Last Friday, Oklahoma received formal word that the federal government has agreed to extend Insure Oklahoma, the state’s publicly-funded premium assistance health insurance program, until the end of 2014, subject to certain program changes. This one-year extension means that individuals and businesses that participate in the program will not face an imminent loss of coverage. However, the decision’s greater significance is that it reveals that a longer-term solution to provide health coverage for a greater number of people at less cost to the state may be readily available – if the state is willing to accept it.
Insure Oklahoma is a health insurance program created in 2005 to provide coverage for low-income working adults who were otherwise ineligible for Medicaid. The program, which operates under a federal Medicaid waiver, has two components:
- Employer-Sponsored Insurance (ESI) provides premium assistance to employees and their spouses with income up to 200 percent of the poverty level to purchase employer coverage. Businesses with fewer than 100 employees are eligible to participate in Insure Oklahoma. Employers and employees pay a portion of the cost of coverage, and Medicaid covers the rest. Currently, 4,600 small businesses participate and 16,000 members are enrolled;
- The Individual Plan (IP) allows qualified adults and their dependents with incomes below 200 percent of the poverty level to buy into Medicaid coverage. It is available to employees of small businesses with fewer than 100 employees who are not eligible for employer-based coverage, self-employed adults, the temporarily unemployed, and some adults with disabilities. Members pay up to 5 percent of their income towards the cost of coverage, with the remainder paid for by Medicaid. As of August, 13,300 members were enrolled in the Individual Plan.
The state contributes the traditional Medicaid match rate for Insure Oklahoma participants – about 36 percent of the cost. Because the state share of the program is funded with a dedicated revenue source – a portion of tobacco tax revenues approved by voters in 2004 – program enrollment has been capped at under 40,000 participants.
With full implementation of the Affordable Care Act in 2014, the future of programs like Insure Oklahoma became highly uncertain. The ACA aims to make affordable coverage available to everyone, and provides generous federal funding to do so. Beginning in January, individuals with incomes between 100 and 400 percent of the federal poverty level will be eligible for tax credits, paid for entirely with federal funds, to subsidize the purchase of commercial insurance on the new health insurance marketplaces known as exchanges. Adults with income below the poverty level were to become eligible for Medicaid, with the federal government assuming 100 percent of the cost for the first three years (2014-16) and 90 percent from 2020 onwards. Oklahoma, however, has refused to expand Medicaid, leaving the lowest-income adults at risk of falling into a “coverage crater” in 2014.
In May, Oklahoma received a letter from the federal government’s Centers for Medicare and Medicaid Services (CMS) stating that, “an extension of the Insure Oklahoma program without any changes is not possible.” This led to several months of negotiations between the state and federal officials to preserve the program, culminating an last week’s announcement of a one-year extension. The agreement preserves Insure Oklahoma’s Employer-Sponsored Insurance (ESI) in its current form. The Individual Plan (IP) will continue only for participants – currently some 5,300 – with incomes below the federal poverty level, but with reduced co-payments for doctors visits, outpatients services and prescription drugs. IP participants with income above the poverty level – currently some 8,000 individuals – will no longer be eligible for Insure Oklahoma but instead, like others at that income level, will qualify for tax credits to help purchase coverage on the exchange.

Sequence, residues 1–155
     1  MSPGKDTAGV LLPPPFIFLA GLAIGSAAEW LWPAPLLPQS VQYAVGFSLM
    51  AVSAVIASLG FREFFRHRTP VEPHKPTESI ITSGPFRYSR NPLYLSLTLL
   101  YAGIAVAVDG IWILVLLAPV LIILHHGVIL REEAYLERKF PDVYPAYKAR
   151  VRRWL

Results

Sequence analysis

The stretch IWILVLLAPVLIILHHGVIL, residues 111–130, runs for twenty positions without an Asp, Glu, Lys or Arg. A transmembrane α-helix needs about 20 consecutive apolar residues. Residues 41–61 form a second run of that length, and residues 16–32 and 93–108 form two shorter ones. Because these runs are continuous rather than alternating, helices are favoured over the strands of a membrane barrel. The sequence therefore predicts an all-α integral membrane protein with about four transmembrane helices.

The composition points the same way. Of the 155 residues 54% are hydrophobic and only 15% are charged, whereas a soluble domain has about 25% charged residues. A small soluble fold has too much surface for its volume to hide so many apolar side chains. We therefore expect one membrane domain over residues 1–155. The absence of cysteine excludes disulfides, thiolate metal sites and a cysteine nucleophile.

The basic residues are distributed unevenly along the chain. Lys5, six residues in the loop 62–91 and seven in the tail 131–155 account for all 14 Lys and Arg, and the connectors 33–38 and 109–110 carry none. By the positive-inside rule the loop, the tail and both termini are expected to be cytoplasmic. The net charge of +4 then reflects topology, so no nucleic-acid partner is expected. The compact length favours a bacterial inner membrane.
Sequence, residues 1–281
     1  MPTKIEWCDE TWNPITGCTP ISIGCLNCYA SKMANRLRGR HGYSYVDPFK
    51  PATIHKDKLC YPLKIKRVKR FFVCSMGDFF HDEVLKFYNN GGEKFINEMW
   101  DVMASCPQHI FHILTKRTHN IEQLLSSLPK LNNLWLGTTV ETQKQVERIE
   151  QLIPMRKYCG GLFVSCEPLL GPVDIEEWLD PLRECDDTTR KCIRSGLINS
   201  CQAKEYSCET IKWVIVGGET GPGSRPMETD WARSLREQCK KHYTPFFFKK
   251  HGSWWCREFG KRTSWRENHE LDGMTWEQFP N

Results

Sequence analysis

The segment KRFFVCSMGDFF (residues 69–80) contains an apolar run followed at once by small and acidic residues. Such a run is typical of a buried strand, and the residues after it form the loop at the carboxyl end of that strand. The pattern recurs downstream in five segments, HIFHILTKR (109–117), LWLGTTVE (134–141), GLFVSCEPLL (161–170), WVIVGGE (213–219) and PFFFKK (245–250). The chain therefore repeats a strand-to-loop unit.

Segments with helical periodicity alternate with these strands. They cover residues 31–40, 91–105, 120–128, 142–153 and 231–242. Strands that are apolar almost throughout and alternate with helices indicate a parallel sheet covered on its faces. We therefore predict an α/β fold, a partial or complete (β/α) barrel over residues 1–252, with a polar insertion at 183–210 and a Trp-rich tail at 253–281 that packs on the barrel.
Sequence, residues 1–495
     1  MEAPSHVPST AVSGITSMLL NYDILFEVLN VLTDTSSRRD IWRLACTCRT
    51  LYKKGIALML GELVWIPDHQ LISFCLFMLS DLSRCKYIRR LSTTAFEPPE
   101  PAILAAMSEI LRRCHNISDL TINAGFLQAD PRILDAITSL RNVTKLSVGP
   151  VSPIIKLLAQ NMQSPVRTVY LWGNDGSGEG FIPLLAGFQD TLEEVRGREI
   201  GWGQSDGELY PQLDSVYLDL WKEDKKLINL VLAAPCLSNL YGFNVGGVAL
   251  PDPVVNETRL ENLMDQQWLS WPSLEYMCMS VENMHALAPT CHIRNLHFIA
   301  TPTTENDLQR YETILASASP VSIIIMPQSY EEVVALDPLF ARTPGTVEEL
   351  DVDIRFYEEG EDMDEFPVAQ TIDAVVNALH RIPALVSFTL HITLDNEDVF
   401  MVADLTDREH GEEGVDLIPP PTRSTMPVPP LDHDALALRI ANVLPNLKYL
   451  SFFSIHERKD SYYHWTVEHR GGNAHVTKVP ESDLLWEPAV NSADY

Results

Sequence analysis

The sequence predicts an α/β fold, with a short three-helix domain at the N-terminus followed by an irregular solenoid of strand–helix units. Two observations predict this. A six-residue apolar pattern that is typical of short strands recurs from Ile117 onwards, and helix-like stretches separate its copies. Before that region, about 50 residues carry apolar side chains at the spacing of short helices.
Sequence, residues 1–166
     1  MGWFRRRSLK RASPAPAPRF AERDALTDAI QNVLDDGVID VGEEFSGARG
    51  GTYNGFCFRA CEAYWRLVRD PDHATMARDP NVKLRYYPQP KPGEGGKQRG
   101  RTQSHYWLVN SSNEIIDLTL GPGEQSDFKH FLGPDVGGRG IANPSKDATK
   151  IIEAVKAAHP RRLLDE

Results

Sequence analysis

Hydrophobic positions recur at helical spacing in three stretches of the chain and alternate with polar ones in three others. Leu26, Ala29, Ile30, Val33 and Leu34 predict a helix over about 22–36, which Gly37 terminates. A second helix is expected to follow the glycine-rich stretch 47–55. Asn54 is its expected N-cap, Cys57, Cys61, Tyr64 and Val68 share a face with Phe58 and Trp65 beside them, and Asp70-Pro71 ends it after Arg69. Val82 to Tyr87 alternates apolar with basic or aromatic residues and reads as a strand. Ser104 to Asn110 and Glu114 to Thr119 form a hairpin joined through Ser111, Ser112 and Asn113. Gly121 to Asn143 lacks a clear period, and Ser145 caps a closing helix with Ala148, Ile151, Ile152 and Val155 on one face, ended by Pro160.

Although the extension of Insure Oklahoma is temporary, it contains the seeds for a long-term solution. In June, the state received a report developed at the request of Governor Fallin by a national consulting company headed by Michael Leavitt, the Secretary of Health and Human Services under President George W. Bush. The Leavitt report calls for using federal Medicaid funds under the Affordable Care Act to extend and expand Insure Oklahoma. Adapting the approach developed in Arkansas, most individuals would receive premium assistance to subsidize the purchase of private insurance either through their employers or on the new health insurance marketplaces.
Expanding Insure Oklahoma could extend coverage to some 200,000 – 250,000 low-income Oklahomans, according to the Leavitt group’s projections. These are mostly working Oklahomans who are not offered health insurance through their employers in sectors like food service, nursing home care, child care and retail. While the state would be required to put up a small state match after 2016, the report shows that “over a 10-year period, the overall net effect is positive due to program savings and increased tax revenues. Total economic impact is expected to range from $13.6 to $17 billion.”
By extending Oklahoma’s premium assistance program, the federal government continues to signal a strong willingness to work cooperatively with states to reach practical solutions that will ensure coverage for low-income individuals. Oklahoma state leaders should be applauded for their commitment to preserving health coverage for participants in Insure Oklahoma. They now need to show an equal commitment to the rest of the low-income adult population.